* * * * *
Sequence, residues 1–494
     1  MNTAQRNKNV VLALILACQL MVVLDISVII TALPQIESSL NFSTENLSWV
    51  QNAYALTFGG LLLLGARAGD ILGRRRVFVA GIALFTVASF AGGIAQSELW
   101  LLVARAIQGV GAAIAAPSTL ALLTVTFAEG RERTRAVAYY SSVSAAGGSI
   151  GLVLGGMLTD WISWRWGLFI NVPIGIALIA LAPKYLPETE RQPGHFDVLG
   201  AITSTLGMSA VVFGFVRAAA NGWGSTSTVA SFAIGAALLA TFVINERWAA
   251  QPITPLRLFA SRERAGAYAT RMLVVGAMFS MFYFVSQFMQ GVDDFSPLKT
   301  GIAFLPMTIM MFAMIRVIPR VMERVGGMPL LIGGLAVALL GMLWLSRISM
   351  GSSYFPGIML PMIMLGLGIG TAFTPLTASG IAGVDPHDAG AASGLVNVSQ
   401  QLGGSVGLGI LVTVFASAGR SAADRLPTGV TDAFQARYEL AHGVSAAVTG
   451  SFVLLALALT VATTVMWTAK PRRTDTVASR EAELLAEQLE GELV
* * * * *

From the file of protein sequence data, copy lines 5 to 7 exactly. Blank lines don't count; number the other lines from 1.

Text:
   151  GLVLGGMLTD WISWRWGLFI NVPIGIALIA LAPKYLPETE RQPGHFDVLG
   201  AITSTLGMSA VVFGFVRAAA NGWGSTSTVA SFAIGAALLA TFVINERWAA
   251  QPITPLRLFA SRERAGAYAT RMLVVGAMFS MFYFVSQFMQ GVDDFSPLKT